Zimbabwe's parliament has expelled 17 legislators who left the opposition Movement for Democratic Change (MDC) party after a bout of infighting in the party last year, the national assembly's speaker said on Tuesday.
(READ MORE: Post-election outlook for Zimbabwe bleak)
The expulsion of the members, including former MDC secretary general and finance minister Tendai Biti, could further weaken the opposition's voice in parliament, where President Robert Mugabe's ZANU-PF enjoys a commanding majority.
Biti, an outspoken lawyer, was thrown out of the MDC by its leader Morgan Tsvangirai last April after his rebel MDC Renewal group failed in an attempt to oust Tsvangirai who has been at the helm of the MDC since its formation in 1999.
The opposition MDC party, which re-elected Tsvangirai as its leader in November, asked parliament early this month to expel Biti's group for having left the party, deepening the turmoil that has split the MDC.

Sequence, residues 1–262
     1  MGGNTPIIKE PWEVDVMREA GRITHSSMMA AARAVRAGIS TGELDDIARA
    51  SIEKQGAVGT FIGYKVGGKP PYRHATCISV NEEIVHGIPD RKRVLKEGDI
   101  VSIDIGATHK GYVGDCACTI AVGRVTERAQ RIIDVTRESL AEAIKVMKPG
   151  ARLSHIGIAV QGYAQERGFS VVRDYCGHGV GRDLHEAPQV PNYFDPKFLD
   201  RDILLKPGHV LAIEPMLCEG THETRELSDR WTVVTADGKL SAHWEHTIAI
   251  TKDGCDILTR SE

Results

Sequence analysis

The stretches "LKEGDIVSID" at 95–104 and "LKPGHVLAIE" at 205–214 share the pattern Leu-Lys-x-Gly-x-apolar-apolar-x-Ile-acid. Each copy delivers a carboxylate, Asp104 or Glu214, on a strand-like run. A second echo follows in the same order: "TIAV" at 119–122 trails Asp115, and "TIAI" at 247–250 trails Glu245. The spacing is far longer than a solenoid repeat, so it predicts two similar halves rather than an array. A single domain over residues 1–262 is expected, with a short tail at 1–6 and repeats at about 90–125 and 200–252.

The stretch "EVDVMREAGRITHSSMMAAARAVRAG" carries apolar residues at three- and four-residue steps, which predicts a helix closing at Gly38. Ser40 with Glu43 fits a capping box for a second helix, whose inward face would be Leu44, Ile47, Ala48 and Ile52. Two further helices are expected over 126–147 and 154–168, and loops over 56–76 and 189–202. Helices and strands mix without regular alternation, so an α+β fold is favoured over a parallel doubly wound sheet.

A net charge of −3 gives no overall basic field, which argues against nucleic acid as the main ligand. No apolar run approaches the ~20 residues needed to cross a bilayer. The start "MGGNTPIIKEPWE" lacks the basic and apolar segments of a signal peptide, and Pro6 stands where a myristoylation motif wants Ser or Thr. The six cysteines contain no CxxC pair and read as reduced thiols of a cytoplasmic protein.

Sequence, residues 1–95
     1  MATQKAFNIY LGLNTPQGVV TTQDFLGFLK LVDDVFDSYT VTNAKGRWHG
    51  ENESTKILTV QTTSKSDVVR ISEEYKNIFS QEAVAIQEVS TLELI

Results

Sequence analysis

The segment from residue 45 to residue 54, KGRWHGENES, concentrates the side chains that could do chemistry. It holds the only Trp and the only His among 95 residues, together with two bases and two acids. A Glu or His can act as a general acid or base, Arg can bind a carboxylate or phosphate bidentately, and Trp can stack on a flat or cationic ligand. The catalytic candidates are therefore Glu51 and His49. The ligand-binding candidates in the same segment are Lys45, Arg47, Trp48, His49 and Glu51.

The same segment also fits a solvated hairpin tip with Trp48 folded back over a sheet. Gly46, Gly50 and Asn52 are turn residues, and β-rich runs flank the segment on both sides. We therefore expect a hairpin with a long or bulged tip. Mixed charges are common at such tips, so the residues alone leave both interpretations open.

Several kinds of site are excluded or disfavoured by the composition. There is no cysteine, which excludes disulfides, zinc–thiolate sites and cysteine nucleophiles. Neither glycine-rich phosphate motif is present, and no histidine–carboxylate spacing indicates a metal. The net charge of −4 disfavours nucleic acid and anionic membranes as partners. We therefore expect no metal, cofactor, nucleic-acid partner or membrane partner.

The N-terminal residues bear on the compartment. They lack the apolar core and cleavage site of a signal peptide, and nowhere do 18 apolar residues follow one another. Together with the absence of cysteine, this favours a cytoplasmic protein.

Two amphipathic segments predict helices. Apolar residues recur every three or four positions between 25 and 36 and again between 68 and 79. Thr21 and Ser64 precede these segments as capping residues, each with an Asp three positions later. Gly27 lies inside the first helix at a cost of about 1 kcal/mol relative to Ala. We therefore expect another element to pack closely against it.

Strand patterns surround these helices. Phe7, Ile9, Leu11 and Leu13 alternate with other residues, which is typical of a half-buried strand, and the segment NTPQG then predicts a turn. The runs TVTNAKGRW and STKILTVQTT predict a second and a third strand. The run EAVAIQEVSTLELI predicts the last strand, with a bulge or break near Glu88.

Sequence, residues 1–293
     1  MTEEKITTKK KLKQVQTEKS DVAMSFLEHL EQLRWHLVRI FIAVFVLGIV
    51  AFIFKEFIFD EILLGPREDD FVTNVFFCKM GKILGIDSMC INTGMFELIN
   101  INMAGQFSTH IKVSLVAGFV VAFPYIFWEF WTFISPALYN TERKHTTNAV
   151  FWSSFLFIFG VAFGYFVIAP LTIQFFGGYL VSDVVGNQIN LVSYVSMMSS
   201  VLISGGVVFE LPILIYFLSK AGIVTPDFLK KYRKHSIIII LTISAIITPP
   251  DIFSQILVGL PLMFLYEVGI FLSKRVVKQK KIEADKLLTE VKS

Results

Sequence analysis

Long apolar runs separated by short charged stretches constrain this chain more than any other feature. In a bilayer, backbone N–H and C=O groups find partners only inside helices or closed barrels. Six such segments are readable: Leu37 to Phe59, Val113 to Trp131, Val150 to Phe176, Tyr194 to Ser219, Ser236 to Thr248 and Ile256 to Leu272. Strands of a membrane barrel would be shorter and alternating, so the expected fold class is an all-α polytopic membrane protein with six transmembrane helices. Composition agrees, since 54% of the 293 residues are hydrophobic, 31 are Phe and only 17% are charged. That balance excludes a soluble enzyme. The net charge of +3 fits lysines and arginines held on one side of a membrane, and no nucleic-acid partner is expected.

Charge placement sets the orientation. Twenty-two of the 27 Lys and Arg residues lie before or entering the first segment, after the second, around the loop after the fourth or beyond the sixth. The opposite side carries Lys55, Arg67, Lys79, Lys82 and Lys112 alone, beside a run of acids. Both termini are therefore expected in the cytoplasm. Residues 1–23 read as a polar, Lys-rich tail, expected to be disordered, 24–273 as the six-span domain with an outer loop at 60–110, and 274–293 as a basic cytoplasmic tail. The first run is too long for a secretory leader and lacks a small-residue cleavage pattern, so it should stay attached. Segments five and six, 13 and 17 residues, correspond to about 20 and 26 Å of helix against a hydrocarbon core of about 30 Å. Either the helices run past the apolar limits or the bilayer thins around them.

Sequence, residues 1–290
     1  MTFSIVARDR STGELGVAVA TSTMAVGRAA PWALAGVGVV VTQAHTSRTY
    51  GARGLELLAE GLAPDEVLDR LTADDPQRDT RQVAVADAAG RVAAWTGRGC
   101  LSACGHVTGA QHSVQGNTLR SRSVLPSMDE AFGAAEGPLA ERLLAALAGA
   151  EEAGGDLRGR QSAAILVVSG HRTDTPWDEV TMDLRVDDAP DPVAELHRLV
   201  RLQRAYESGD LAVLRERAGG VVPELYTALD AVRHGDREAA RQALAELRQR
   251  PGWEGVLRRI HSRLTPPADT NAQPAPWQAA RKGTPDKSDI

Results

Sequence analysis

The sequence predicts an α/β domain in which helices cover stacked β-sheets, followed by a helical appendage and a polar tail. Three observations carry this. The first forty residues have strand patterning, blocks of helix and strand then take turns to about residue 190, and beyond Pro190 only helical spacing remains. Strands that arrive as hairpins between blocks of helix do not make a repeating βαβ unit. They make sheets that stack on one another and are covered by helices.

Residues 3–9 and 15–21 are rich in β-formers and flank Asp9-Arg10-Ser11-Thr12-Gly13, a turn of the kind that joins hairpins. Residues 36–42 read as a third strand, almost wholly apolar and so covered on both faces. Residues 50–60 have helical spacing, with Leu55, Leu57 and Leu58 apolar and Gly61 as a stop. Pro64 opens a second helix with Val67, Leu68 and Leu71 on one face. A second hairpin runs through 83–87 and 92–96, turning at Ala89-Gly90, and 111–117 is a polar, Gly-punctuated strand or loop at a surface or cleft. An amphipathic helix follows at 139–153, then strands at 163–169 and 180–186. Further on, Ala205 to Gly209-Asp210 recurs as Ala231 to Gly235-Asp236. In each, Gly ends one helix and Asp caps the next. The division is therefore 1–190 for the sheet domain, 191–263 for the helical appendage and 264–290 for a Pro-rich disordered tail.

Speaker of parliament Jacob Mudenda said Biti and his group did not challenge the request by the MDC, and announced their expulsion. The affected members were ushered out of parliament.
(READ MORE: Africa and west at odds over disputed Zimbabwe election)
Under Zimbabwe's constitution, if a member of parliament joins or forms another political party, their seat is declared vacant and a fresh election is called within 90 days.
Four more members in the upper Senate chamber were expected to suffer the same fate.
Jacob Mafume, spokesman for the MDC Renewal group said they would use legal means to challenge the speaker's decision.